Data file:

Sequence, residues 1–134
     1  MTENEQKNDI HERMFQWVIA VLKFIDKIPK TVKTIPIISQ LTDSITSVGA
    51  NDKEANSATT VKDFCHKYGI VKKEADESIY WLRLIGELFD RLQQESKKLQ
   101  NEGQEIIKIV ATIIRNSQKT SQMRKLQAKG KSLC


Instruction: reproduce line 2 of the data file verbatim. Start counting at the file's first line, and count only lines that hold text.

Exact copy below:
     1  MTENEQKNDI HERMFQWVIA VLKFIDKIPK TVKTIPIISQ LTDSITSVGA